My genetic genealogy activities – Feb 2015

Photo of "The maze, Longleat safari park near to Horningsham, Wiltshire, Great Britain"  © Copyright Brian Robert Marshall and licensed for reuse under Creative Commons License 3.0.
Maze, near to Horningsham, Wiltshire, Great Britain
Photo by Brian Robert Marshall
via Geograph – Creative Commons License 2.0.

At times, I feel like I’m lost in a maze of DNA
possibilities. I start down what looks like it will be a great path only to
find it ends.  As I mentioned before my
Y-DNA tests have resulted in many frustrations. 
Tantalizing close but dead ends everywhere.   I think the biggest issue with the Y-DNA
tests is it seems like no one is doing them any more. Ancestry.Com quit their
Y-DNA testing. I don’t think 23 & Me ever did Y-DNA, which only leaves
Family Tree DNA.  In my case I’ve only
seen one new match with them in the past year and that person was very distant
– 80% likely to have a common ancestor in 8 generations.

I turned to autosomal DNA testing to see if that would
help.  It seems like that is the test
that everyone is doing.  I used FamilyTree DNA for my atDNA testing. What is really cool about their system is if you
can have a parent tested as well as yourself, you can then search “FamilyFinder” for matches that match both of you and for matches that match the child
and not the one parent.  In my case, this
allows for a search for potential matches to the “baby daddy.” 
Because my Y-DNA testing suggested that I am most likely
descended from a “Roberts” I’ve been looking at possible Roberts connections in
atDNA test results.  Again, a lot of
tantalizing paths, but dead-ends again. 
Then, I found a really cool new match in my atDNA results. Looking
at only my paternal side, the two closest matches to me were matching each
other on the same chromosome in the same segments as me. Wow!
Family Finder result showing same segments on same chromosome of LV, CMA, and myself.

As I understand it, with segments this large matching, they
have to have received the segment from a common ancestor.  I too have to have received the same segment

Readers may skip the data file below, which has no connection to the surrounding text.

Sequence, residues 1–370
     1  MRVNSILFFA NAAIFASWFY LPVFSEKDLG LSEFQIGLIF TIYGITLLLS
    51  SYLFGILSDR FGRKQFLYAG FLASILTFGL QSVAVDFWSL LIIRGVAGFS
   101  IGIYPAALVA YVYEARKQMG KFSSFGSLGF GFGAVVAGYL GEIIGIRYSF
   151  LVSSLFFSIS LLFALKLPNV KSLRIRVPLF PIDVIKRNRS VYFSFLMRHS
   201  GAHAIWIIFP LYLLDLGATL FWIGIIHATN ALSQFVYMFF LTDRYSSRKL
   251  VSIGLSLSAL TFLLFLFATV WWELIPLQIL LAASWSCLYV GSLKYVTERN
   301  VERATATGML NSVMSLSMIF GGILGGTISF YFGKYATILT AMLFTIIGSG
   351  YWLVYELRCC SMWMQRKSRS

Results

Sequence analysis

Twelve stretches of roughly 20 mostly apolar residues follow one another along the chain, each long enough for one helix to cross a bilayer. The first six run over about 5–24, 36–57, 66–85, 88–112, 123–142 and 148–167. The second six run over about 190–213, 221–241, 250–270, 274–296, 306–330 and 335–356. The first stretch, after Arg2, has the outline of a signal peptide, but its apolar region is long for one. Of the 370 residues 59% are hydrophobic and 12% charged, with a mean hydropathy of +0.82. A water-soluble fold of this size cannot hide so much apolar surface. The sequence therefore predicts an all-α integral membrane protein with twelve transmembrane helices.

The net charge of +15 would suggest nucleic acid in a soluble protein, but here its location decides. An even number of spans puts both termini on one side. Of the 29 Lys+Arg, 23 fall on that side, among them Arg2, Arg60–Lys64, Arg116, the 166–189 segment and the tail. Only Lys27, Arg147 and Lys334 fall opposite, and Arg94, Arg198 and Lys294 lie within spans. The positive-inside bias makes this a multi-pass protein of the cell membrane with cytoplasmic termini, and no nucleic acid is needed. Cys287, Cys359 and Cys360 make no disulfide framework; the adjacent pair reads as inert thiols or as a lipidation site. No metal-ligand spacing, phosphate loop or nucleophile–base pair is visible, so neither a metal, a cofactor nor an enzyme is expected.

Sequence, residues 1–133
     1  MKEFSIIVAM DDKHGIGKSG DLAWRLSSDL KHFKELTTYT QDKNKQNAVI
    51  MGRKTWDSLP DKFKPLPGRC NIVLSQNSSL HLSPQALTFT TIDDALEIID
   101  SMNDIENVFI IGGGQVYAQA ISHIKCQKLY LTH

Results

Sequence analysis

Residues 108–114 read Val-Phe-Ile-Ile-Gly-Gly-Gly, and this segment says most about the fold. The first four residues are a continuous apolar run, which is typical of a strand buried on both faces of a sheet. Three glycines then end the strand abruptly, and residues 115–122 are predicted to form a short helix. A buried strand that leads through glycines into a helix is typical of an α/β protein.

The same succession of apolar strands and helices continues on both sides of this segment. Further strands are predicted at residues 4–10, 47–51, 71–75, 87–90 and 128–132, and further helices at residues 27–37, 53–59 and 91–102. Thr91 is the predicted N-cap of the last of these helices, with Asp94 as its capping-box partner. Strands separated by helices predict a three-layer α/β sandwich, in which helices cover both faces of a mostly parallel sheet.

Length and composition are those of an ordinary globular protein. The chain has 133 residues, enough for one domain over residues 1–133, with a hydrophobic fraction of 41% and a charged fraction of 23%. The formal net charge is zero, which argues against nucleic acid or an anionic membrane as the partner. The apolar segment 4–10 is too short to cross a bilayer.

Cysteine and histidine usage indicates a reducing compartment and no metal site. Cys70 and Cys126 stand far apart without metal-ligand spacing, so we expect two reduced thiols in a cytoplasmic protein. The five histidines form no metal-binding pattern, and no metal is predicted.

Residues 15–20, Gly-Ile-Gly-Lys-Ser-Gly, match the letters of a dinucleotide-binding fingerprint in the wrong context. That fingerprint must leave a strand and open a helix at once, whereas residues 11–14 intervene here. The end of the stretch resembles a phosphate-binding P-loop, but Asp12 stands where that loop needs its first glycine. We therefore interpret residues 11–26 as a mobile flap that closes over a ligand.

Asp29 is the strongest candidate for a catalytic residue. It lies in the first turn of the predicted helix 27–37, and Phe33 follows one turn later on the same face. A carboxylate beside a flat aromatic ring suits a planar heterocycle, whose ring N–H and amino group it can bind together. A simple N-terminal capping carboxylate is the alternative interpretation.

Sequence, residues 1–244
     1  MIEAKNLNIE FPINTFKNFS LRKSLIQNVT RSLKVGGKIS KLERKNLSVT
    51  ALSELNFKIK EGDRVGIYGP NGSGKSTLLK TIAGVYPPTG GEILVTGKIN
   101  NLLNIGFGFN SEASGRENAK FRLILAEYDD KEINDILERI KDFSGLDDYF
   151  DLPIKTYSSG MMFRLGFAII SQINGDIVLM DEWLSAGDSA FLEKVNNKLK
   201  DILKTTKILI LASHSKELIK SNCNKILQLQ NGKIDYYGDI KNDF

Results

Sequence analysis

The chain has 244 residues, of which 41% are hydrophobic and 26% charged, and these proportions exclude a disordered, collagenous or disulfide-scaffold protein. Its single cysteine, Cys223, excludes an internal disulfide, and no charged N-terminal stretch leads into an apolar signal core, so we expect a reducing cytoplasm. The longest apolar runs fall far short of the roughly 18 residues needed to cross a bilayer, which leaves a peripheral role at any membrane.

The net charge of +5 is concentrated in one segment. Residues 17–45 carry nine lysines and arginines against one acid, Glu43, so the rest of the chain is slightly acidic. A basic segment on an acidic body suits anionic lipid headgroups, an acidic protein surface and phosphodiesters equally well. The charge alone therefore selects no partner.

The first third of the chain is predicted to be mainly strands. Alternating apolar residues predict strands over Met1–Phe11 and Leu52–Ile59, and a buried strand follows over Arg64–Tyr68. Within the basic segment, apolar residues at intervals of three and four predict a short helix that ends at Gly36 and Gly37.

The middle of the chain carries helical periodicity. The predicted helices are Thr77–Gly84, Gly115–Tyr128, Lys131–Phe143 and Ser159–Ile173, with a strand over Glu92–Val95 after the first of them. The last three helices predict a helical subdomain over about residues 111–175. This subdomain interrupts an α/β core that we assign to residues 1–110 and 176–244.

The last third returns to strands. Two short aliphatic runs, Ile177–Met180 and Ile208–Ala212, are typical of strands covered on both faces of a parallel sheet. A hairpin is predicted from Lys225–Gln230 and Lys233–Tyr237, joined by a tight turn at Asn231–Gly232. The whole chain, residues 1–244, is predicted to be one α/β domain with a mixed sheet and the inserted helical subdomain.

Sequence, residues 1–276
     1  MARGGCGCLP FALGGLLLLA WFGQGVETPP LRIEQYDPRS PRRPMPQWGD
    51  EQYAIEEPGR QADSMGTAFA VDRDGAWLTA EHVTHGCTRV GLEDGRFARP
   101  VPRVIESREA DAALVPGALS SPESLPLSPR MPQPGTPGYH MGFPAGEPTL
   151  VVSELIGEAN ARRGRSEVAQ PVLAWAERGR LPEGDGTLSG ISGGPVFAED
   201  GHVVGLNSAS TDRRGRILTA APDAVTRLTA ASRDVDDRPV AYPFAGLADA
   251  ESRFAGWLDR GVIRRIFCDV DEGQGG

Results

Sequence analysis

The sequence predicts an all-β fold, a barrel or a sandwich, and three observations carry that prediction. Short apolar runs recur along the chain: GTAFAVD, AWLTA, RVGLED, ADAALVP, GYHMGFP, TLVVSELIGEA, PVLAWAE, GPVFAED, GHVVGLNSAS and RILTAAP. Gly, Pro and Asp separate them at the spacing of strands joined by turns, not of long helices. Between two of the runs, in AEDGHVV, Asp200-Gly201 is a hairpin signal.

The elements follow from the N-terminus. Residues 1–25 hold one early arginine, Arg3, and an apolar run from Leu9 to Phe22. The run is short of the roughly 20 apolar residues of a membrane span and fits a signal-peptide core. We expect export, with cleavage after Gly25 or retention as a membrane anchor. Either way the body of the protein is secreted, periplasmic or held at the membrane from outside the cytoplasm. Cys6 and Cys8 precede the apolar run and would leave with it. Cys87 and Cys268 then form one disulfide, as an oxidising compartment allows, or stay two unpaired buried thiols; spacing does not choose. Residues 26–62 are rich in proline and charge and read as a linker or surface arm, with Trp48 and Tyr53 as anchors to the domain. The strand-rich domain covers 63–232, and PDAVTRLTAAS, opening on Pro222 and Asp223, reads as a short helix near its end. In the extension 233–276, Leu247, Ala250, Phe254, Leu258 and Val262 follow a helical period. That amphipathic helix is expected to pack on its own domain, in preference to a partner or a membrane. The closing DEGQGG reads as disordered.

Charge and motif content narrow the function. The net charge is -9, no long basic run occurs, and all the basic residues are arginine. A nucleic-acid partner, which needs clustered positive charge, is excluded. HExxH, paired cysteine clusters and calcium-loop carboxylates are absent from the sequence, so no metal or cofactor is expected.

from the same common ancestor.  That
means if we can figure out exactly who is their common ancestor, that ancestor
has to be common to me. (Please – someone tell me if I have it wrong.)
Anyway, one of the lines is pretty complete. [LV] has the
vast majority of ancestors identified going back 5 or 6 generations.  Sadly, the other individual is new to
genealogy and only six of his 16 2nd great grandparents
identified.  Family Tree DNA suggests
that this individual, I’ll call CMA, is a 2nd to 4th
cousin.  First cousins share
grandparents, and 2nd cousins share great grandparents.  I decided to create a new working tree and
called it atDNA tree.  I added CMA to
that notional tree and added his known ancestors. He has six of his eight great
grandparents identified, so I decided to determine that ancestor for him.
It took a while but I discovered his grandmother was the
child of a second marriage of his great grandmother.  I found her first name, Mary, and the surname
of her first husband quickly, but his first name and, more importantly, her
maiden name eluded me. 
I found the complete family in a census record that provided
names and birth years for the children of that first marriage.  I then traced those children and discovered
one of them died in 1937 and a copy of his death certificate was available on
line.  That death certificate identified
both his father’s first name and his mother’s surname.  Voilà – I now have the names for seven of CMA’s
eight great grandparent’s.  I checked LV’s
tree, nope, not a surname match.
RAF Tilstock Inside the Maze 2 by Broomhalla - Some rights reserved. This work is licensed under a  Creative Commons Attribution-Noncommercial 3.0 License.
RAF Tilstock – Inside the Maze 2 by Broomhalla
Courtesy: Deviant Art
For the eighth one, CMA has a first name, just not a
surname. So, that will be my next task. 
If I can identify the eighth person, his great grandmother Catherine, is
not related to LV, then I’ll know that none of us are second cousins and I continue
with second great grandparents to determine if we are third cousins.  
My “brick wall” of learning the identity of my biological
father now has a new entrance into it.  It may be the entrance into a new maze, but it
is an entrance.  Entering the maze is
part of the fun of genealogy.   Wish me
luck and hope I don’t get lost. 

————- DISCLAIMER ————-

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